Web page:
Blue wine? Yes, and Americans are loving it
Five years ago, a group of university students in Spain's Basque Country decided they wanted to shake up a sector – any sector – but preferably one to do with food or drink.
So they picked the most traditional of them all – and created blue wine, one of several innovations in a deeply conservative industry.
After two years of research at the University of the Basque Country with the help of in-house, professional chemical engineers and an outside centre for food innovation, they launched their company, Gik Live!, in 2015.
It sold 30,000 bottles in its first year and close to 500,000 in 2017.
The young company now exports to 21 countries, the US being its main market... and wine-loving France its second.
From five rookie entrepreneurs, the company has grown to 12 employees.
“We understand that for many people wine is something sacred that mustn’t be changed,” Irish-Basque Taig MacCarthy says.
“But we like to change things and we’re not afraid to try.”
One look at a glass of blue wine can be enough to send sommeliers scurrying.
Electric blue in colour, Gik Blue is made in several wineries in Spain following the traditional winemaking process.
The recipe? Mix a lot of white wine with a smaller amount of red wine and a tiny bit of must, or freshly-crushed grape juice.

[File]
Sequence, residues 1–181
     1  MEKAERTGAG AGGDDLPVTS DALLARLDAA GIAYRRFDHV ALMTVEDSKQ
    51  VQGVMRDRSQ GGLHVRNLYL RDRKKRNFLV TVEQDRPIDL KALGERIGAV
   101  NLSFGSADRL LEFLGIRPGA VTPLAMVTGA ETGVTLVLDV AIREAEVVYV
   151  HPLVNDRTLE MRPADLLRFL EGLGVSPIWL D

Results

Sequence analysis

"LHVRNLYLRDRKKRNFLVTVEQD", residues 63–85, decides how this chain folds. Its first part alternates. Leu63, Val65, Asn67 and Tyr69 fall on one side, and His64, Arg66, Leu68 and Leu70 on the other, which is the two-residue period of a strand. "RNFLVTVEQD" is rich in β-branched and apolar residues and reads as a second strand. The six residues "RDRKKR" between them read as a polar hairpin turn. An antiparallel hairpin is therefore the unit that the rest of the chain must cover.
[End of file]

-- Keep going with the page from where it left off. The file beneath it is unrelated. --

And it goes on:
The blue colour is obtained via a mix of “nature and technology” using two pigments – anthocyanin, found in the skin of red grapes, and indigo carmine.
The company won’t divulge any more of what they say is its “industrial secret”.
Gik Live! used to use sugar substitutes, but now adds dessert wine instead to get a sweet taste.
Other brands have followed suit in Spain, including a blue sparkling cava.
The company has also created other types of wine.
There is red wine infused with Earl Grey tea, white wine infused with Japanese Sencha tea and a spicy red wine named Bastarde.
Prices online range roughly from ß11 to ß13 (R180 to R213) a bottle.
Clients are usually aged 25 to 45, men and women alike, the company says.
In Europe, the company has had to label Gik Blue an “alcoholic drink” as authorities have ruled it isn’t really wine due to its blue colour. – AFP